Grind for May 16th, 2018
“Ocean is more ancient than the mountains, and freighted with the memories and the dreams of Time.” – HP Lovecraft
The Future Is Now
NASA will send tiny helicopter to Mars
NASA last Friday announced plans to send a four-pound helicopter to Mars as part of its 2020 rover mission.
“#BREAKING @NASA news! Our next rover to Mars will carry the first helicopter ever to fly over the surface of another world,” tweeted NASA Administrator Jim Bridenstine on May 11th.
Foremost among the challenges faced by the helicopter’s creators was the Red Planet’s weak atmosphere. To take off from Mars, the tiny helicopter will have to spin its blades 3,000x per minute while carrying batteries and other equipment.
The helicopter will also have to be somewhat autonomous thanks to the sheer distance between Earth and Mars. Even traveling at the speed of light, signals sent from Earth will take several minutes to reach the helicopter (and vice versa).
When it gets to Mars in February 2021, the helicopter will perform scouting missions to search for ideal landing sites that could benefit future astronauts. The helicopter will also assist with geology research currently being conducted by rovers Opportunity and Curiosity.
If all goes according to plan, the four-pound aircraft could provide us with valuable information that could take us one step closer to sending men to Mars.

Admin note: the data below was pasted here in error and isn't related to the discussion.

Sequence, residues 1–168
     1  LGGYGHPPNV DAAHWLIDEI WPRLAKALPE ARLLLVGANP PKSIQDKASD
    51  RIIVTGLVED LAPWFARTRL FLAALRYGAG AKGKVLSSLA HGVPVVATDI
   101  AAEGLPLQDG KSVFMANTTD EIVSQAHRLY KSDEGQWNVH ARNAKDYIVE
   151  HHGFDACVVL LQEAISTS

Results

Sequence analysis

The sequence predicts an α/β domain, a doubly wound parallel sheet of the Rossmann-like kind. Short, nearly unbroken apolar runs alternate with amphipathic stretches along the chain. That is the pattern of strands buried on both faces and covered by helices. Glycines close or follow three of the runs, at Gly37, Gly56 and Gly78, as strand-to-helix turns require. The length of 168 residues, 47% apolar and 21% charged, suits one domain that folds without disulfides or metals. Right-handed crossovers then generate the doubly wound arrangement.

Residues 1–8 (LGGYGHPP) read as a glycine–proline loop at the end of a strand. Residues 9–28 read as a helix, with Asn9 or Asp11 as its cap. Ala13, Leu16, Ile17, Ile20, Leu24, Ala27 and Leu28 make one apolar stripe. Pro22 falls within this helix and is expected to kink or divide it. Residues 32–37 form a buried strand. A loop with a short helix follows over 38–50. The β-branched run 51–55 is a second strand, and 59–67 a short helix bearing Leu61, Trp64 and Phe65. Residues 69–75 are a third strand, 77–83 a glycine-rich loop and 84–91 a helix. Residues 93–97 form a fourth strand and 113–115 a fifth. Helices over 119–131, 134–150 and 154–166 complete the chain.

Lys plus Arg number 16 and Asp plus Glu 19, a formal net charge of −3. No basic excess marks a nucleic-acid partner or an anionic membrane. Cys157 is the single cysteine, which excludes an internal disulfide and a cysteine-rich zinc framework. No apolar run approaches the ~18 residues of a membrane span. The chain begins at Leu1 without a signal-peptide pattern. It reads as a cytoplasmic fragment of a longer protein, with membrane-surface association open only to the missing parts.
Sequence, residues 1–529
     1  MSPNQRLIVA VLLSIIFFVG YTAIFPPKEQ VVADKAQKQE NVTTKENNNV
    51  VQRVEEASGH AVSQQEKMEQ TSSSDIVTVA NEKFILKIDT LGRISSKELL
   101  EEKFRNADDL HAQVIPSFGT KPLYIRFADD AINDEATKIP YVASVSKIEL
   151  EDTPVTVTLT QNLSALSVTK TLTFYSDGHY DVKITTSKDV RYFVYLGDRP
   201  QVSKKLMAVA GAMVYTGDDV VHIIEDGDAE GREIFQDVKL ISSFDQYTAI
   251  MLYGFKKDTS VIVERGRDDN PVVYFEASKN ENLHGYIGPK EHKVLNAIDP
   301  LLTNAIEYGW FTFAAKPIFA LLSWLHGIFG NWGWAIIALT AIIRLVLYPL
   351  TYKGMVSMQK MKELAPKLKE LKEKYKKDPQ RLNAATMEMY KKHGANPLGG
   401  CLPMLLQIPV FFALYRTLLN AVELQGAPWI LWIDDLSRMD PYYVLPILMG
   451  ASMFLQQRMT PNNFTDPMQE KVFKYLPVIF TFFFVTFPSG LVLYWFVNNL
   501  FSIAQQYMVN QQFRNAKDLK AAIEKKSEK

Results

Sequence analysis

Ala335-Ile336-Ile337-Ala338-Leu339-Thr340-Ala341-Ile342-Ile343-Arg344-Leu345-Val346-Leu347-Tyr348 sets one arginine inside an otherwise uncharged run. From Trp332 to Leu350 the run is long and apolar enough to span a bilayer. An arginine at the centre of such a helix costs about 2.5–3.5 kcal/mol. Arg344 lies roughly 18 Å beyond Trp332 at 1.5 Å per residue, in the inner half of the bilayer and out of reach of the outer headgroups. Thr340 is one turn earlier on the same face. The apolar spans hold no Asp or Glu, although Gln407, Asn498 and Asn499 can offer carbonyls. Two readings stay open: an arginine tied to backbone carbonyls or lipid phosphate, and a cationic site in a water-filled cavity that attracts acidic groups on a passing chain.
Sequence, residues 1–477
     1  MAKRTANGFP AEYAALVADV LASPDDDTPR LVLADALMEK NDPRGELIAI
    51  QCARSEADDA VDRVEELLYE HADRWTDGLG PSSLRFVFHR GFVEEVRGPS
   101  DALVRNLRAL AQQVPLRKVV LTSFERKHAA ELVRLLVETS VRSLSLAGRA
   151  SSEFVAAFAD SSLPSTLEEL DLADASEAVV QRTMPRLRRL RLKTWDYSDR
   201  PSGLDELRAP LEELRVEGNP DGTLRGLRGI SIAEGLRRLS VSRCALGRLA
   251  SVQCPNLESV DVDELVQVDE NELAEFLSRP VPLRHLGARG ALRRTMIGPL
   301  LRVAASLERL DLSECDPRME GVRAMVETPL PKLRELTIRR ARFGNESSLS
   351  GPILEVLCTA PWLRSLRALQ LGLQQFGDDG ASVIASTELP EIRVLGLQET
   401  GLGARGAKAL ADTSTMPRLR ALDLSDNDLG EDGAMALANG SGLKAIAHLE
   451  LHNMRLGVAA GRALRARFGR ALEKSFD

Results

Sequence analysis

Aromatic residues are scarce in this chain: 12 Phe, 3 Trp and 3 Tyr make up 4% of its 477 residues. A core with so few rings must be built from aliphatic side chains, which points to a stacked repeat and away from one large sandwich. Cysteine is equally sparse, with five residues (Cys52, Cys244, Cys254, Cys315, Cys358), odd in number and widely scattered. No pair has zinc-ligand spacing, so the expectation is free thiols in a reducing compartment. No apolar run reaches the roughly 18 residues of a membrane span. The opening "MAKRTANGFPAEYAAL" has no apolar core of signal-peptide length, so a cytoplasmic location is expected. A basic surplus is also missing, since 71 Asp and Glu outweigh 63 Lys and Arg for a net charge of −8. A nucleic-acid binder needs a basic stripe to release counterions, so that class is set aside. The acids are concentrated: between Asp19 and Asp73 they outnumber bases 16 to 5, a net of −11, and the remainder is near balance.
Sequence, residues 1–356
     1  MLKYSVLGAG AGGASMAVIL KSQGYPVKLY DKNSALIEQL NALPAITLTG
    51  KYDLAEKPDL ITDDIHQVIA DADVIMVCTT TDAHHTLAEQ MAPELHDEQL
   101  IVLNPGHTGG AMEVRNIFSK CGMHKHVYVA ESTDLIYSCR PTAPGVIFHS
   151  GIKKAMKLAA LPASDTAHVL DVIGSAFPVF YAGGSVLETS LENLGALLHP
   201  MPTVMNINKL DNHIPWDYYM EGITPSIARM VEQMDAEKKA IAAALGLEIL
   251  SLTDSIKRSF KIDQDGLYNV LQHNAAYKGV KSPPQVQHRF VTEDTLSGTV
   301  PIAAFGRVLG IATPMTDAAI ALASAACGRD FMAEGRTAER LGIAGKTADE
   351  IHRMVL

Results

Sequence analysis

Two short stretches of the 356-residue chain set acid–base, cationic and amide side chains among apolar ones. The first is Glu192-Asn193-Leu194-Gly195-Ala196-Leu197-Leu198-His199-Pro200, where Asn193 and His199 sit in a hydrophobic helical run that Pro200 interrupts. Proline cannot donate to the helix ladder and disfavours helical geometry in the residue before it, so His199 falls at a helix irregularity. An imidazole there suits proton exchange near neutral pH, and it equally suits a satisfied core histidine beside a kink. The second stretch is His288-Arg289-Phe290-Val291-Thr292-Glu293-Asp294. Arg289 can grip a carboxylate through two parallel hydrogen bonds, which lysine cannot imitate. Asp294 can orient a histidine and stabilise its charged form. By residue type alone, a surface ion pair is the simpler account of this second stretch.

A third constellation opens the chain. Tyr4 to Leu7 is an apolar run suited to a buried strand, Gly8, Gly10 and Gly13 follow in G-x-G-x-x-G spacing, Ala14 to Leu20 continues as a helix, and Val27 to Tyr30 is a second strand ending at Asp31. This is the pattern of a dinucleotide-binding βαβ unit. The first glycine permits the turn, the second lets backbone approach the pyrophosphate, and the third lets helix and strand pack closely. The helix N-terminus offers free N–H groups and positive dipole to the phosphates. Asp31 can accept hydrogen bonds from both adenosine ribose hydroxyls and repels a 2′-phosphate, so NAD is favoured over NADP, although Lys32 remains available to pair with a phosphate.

Upping The Ante
Will California’s new solar panel law help or hurt residents?
California’s Energy Commission on May 9th approved a set of regulations that will require all new homes and apartment buildings to utilize solar power. The rules also require new buildings to use energy-efficient ventilation, insulation, and lighting.
Builders will have the option to add solar panels to individual structures or to create shared systems for groups of homes; buildings located areas of constant shade will be exempt.
The mandate, if approved by California’s Building Standard Commission, will take effect starting in January 2020.
Experts have compared the mandate’s effect on greenhouse gases to removing 115,000 cars from the road, but opponents worry the new rules will make it even harder for California residents to find affordable housing.
The state of California certainly leads the way in terms of “green policy,” but it comes in dead last in terms of affordable housing. Despite its vast amount of land, California has far fewer homes than it needs to support its population of 39.5 million.
While the mandate is expected to save homeowners about $633 per month on bills and maintenance, it could increase the price of home construction by about $9,500.
The average rent and home price in California are already well above national averages. As of 2015, the average rent was $1,240 per month and the average price of a home was $437,000.
“[The solar panel mandate] is great for wealthier homeowners, but for everybody else it’s one more reason to not go to California or leave ASAP,” says economic policy analyst Jimmy Pethokoukis. “What [California governments] should focus on is affordability and lowering the cost of living for Californians.”
GOOD TO THE LAST DROP:
Did you know… The first alarm clock could only ring at 4 a.m.